Hindquarters: In a natural stance, the hindquarters should give the impression of a small running hound and should exhibit good muscle tone. When viewed from the rear, the legs should be straight and parallel. (a) Hipbone The tip of the hipbone can be visible but the dog should not appear emaciated. (b)Upper Thigh Long, lean, well muscled but not overdeveloped. (c) Lower Thigh Approximately the same length as the upper thigh, fine-boned; the groove between the bone and the tendon above the hock very sloped with the tendon plainly visible, and the skin of the groove almost transparent. (d)Hocks Well let down. When viewed from the rear, the hocks and pasterns should turn neither in nor out. When viewed from the side, the front line of the pastern should be on a vertical line from the point of buttocks to the ground. Cow hocks and sickle hocks are serious faults. (e) Stifle bend Well bent, showing good angulation. The stifle joint should be plainly visible and there should be considerable angulation between the stifle joint and the pelvis, and between the stifle joint and the hock. The angle formed by the upper and lower thigh is approximately the same as, and balanced with, the angle formed by the shoulder blade and upper arm of the forequarters.
Feet: Hare feet, turning neither in nor out. The nails are preferably dark in colour or in keeping with the colour of the coat. They should not be cut to a short stub but should have sufficient length to give traction when running. Hind feet should be turned neither in nor out. The hind feet have toes more arched to give power to the propulsion exerted by the hind legs but with no suggestion of a cat foot. Cat feet and flat feet are serious faults.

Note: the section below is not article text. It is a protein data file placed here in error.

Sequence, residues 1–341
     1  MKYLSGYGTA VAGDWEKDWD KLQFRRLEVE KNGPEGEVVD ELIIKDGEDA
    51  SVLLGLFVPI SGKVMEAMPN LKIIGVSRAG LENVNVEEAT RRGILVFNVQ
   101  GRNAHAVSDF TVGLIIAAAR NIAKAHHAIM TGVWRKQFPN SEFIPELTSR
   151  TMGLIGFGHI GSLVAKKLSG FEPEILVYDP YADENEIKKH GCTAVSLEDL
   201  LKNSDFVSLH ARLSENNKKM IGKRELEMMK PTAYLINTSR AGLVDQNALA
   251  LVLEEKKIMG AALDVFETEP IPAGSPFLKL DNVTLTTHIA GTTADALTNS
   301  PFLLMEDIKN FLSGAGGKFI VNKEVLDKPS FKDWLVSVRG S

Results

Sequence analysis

Tail: Long, fine boned, covered with extremely short hair, set low, carried low, and tapering to the tip. The first half is straight and the second half is curved. In a natural stance, the tip of the tail should reach, or extend slightly beyond, the hock. A happy wagging tail is often carried out and slightly up and this should not be penalized. A ringtail, a tail carried up and over the topline, or the bottom half of tail straight as opposed to curved, are faults.
Gait: High stepping and free. The gait of the Italian Greyhound is its most distinctive feature. The foreleg is lifted almost parallel to the ground in a fluid forward-reaching movement with good flexion or bend of the wrist joint. There is a corresponding movement of the rear leg with good propulsion. Movement should be in a straight line with no crossing over in front or rear. Action should never be choppy but should portray an elegant smoothness. Above all, movement should be sound. A hackneyed gait with exaggerated lift, or a shuffling gait with insufficient lift, are serious faults.
Disqualifications: Tan points such as those of the Manchester Terrier. Brindle.
Italian Greyhound Puppies
Link: Italian Greyhound club